Most government information disclosure laws and systems currently in place, including right-to-know, freedom of information and public records laws, are vehicles for reactive disclosure. Reactive disclosure means that a question has to be asked before an answer is given and that public information must be requested before it is disclosed. Proactive disclosure is the opposite. Proactive disclosure is the release of public information before an individual requests it. In the 21st century that means proactively putting new information online, where people are looking for it.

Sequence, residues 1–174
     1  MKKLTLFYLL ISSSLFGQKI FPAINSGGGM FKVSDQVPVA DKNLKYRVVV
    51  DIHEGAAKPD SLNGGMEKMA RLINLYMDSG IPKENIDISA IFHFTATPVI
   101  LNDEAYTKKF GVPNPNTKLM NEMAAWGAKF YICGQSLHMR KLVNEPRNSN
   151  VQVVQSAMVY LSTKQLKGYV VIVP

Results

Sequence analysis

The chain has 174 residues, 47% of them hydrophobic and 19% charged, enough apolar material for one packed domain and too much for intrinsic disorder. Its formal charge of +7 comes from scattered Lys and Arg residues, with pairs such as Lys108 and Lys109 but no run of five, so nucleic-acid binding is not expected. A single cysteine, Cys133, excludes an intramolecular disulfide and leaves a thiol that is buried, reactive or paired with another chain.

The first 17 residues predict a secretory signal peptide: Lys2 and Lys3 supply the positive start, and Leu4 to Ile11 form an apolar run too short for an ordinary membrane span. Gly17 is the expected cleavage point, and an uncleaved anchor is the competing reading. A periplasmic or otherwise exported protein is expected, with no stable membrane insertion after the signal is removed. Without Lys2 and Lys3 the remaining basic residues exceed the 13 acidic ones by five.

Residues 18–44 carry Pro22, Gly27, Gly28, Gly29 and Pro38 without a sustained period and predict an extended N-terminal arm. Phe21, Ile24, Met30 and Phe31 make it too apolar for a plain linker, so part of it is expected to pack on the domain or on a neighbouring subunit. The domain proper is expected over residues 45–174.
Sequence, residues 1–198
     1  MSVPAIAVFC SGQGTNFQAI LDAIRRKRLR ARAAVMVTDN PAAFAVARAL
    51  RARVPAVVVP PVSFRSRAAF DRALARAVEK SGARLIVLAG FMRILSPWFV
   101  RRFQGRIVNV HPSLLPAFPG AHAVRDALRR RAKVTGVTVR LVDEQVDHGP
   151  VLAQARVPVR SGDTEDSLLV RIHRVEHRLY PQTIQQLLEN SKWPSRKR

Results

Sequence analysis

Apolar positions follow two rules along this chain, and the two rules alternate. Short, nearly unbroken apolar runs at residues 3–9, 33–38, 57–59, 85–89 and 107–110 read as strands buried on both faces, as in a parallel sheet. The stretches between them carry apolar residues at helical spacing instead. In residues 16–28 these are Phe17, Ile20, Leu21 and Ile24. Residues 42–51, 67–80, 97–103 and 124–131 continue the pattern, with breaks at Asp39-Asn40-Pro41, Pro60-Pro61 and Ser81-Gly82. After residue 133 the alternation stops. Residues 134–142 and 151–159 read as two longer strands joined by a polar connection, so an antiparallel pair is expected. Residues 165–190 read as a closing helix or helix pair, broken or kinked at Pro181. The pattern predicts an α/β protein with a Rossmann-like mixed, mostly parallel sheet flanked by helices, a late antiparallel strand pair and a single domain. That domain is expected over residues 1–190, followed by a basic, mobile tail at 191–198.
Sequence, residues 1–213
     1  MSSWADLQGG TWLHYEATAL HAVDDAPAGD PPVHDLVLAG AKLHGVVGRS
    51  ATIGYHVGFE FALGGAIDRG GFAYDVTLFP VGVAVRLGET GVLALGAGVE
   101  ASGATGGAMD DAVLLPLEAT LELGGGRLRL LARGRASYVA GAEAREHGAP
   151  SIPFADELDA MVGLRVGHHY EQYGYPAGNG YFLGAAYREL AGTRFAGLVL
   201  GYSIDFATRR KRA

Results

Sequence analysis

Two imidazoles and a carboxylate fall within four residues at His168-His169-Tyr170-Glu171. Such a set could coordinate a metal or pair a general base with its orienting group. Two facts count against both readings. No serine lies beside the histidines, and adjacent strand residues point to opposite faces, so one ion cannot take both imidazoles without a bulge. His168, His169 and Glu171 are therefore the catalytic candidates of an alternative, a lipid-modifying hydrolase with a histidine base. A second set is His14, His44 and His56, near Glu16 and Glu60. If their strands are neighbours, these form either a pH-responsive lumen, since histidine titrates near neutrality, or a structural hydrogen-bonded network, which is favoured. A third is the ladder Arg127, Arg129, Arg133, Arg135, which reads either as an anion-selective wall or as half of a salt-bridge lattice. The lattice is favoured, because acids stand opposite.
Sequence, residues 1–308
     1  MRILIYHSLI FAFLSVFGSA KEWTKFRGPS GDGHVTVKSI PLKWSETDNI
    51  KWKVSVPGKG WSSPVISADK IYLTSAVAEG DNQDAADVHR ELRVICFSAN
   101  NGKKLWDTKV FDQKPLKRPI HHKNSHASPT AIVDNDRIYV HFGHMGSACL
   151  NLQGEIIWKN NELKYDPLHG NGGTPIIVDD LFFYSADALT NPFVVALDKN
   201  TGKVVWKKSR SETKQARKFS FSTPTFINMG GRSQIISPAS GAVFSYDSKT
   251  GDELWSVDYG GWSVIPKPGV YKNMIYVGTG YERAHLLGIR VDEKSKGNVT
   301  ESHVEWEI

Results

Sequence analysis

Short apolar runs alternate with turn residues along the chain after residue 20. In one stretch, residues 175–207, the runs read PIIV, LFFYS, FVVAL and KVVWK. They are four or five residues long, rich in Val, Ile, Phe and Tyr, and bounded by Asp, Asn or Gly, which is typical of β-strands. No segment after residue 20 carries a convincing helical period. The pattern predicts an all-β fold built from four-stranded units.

Open data laws provide an opportunity not just to update and improve access to information that is already open and/or public but also to specify that new data sets and records be collected and published. Similarly, policies should be specific about what “new” data can mean: in some instances, this provision can be used to require that that new data be created, collected and released for the first time.